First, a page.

How 100-mile training affects a masters athlete
By Henry Howard
How does training for a 100-mile race affect a masters athlete who is plant-based? That’s what I aimed to find out when I had my bloodwork analyzed by InsideTracker in June, then followed up three months later after the peak training.
Before my test in June, the weekly mileage averaged from the previous five weeks was 29.1 with a high of 41.1 miles. For comparison, before my September test the average was 51.7 miles per week with a maximum of 67.8. The buildup was for the Hennepin Hundred, which I will be doing the first weekend in October. (On a side note, I am dedicating the race to Bigger Than The Trail, a nonprofit group that raises awareness of and donations for those struggling with mental health issues. I’d be honored if you’d consider a kind donation to support BTTT and my 100-mile quest. Learn more here.)
After several years of testing with InsideTracker, the June results were the best yet. Of the dozens of biomarkers tested, only three were rated “at risk.” That was quite the improvement from a previous test in February when there were seven in that category.
InsideTracker tests reveal how all stressors — physical, emotional, etc. — and nutrition have an impact on an individual’s health. In addition to the scores, InsideTracker provides custom recommendations based on the individual’s dietary preferences, age, weight, goals and more. Get 25 percent off any InsideTracker test with my code: HENRYHOWARD.
My key takeaways
So how did my recent test compare? Pretty favorably.
In June, the three areas that fell into the “at risk” category were my inflammation group, lymphocytes and the magnesium group, specifically the level of magnesium in my red blood cells. Also, 38 of 48 biomarkers were rated optimized, up from three from the test five months previously; while seven were in the needs improvement category, up one.
In September, I also had three biomarkers deemed “at risk” while two were downgraded from optimized to needs improvement. My magnesium rating improved, thanks to changes I made since the previous test. The three areas deemed at risk are my inflammation group, the testosterone:cortisol ratio and Sex Hormone Binding Globulin (SHBG).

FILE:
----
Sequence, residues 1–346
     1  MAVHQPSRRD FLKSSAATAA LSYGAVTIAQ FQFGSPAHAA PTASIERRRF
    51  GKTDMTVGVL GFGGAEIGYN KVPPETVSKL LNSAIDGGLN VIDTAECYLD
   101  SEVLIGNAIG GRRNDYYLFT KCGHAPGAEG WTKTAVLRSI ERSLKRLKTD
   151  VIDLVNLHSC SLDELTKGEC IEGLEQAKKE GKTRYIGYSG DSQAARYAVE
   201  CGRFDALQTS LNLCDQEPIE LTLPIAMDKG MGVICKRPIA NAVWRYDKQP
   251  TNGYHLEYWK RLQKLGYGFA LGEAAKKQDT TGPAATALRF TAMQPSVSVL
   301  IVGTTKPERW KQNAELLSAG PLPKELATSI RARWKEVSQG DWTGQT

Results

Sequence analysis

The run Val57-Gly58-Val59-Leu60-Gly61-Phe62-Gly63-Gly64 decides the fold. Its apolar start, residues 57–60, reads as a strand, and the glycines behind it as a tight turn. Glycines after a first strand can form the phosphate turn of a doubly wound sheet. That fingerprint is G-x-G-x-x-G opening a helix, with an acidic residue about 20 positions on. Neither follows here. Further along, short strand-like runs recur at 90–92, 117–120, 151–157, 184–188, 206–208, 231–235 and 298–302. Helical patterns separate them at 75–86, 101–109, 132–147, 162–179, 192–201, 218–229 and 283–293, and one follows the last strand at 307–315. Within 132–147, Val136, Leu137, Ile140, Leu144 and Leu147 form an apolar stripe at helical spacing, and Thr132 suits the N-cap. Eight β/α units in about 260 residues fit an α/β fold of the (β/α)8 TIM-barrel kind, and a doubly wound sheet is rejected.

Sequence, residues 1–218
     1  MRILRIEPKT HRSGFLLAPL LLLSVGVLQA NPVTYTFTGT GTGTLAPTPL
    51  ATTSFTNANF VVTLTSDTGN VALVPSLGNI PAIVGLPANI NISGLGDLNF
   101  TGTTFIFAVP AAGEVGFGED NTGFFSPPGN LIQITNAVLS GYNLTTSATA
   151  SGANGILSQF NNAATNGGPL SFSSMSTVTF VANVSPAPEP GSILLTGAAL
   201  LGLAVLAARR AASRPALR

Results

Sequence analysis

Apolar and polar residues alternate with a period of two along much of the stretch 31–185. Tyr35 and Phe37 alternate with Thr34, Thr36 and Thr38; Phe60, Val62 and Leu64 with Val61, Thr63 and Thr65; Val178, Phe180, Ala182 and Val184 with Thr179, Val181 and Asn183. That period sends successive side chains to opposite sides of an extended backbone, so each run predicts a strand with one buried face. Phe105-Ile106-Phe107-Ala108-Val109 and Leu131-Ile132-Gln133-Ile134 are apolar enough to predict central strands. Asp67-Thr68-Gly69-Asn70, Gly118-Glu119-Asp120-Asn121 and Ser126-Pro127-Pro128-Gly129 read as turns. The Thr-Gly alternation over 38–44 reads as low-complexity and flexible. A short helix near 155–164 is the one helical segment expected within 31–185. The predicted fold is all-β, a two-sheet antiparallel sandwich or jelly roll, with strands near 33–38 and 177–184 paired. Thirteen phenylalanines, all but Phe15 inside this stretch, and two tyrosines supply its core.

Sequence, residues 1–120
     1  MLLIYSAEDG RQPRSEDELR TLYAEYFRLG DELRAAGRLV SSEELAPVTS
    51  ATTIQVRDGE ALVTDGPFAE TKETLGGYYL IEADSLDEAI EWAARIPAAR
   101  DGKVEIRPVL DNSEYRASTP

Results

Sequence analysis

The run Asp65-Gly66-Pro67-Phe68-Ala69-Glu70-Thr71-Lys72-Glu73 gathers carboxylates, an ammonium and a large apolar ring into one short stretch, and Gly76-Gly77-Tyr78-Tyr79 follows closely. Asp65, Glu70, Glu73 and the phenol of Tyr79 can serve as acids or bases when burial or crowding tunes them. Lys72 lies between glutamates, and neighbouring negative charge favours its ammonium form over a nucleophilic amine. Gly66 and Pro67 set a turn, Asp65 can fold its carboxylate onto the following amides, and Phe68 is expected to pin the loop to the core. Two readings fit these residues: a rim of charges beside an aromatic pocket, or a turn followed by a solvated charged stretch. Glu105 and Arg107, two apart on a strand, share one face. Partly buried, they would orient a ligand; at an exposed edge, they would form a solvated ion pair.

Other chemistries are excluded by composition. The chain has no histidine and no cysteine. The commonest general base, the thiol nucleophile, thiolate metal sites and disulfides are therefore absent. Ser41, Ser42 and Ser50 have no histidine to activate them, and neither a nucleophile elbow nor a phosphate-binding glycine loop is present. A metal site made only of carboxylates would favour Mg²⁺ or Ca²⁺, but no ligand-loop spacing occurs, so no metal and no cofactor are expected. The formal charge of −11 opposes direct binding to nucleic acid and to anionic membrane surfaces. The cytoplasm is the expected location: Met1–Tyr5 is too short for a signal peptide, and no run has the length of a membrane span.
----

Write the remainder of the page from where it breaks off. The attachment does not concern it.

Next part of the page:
After analyzing the data, here is what I learned:
1. Inflammation group: My score has been unchanged in the past year due to a low white blood cell count. However, it did stay consistent, recording 3.5 for the second test in a row, improving from 2.9 in February. The optimal score is a minimum of 3.8. White blood cells are the driving force behind a healthy immune system. My increased consumption of nut butter, nuts, avocados and chia seeds is having an impact though there is room to improve.
2. Testosterone-Cortisol level: This indicates stress related to intense and/or prolonged training. So no surprise there. Also worth noting is this number has remained consistent since October 2018.
3. Magnesium: Based on the recommendations following my previous test, I increased my consumption of peanut butter, spinach and black beans (but not mixed altogether. Gross!). Additionally, I have continued to eat a cereal with amaranth, a recommendation from a few tests ago, as a way to boost these numbers.
4. Vitamin b12 level: It’s challenging for plant-based athletes to get enough vitamin b12. Among the recommendations to get enough of this vitamin, other than a supplement, are having chocolate almond, soy or rice milk. I’ve been drinking an almond-cashew chocolate milk regularly but have been reconsidering that due to the high added sugar content.
After each InsideTracker test, I review the score, analysis and recommendations, and create a to-do plan for myself. Looking ahead, here are some areas that I will look to improve upon.
• Vitamin b12. Vegans and vegetarians face the challenge of getting adequate vitamin B12 in their diet. As mentioned above, I am reconsidering my choices for plant-based milk. Like so many other nutritional choices, it’s a balancing act. If I do choose another type of plant-based milk that has less sugar, I may need to supplement with this important vitamin.
• Yoga. Mondays are typically my rest and recovery day when I have been doing yoga more frequently. After my big goal race, my training load will recede and I will look to work in more yoga.
• White blood cells. I’ve been healthy in recent years, in large part to my plant-based diet, but it’s time to visit my doctor once again for an annual check-up that I’ve missed for several years in a row. It would also be a good time to chat about my white blood cell count, as recommended by InsideTracker.
Overall, I feel really good about how my well body fared, given the surge in training load since June. As the racing season heads to a close, it will be important for me to balance staying active with a necessary reduced load in order to let my body adapt for the next season. After all, I already have one race on the calendar for April 2022, twice deferred due to the pandemic.
More about that later. For now, stay tuned for a special contest I’ll be doing with InsideTracker in early December.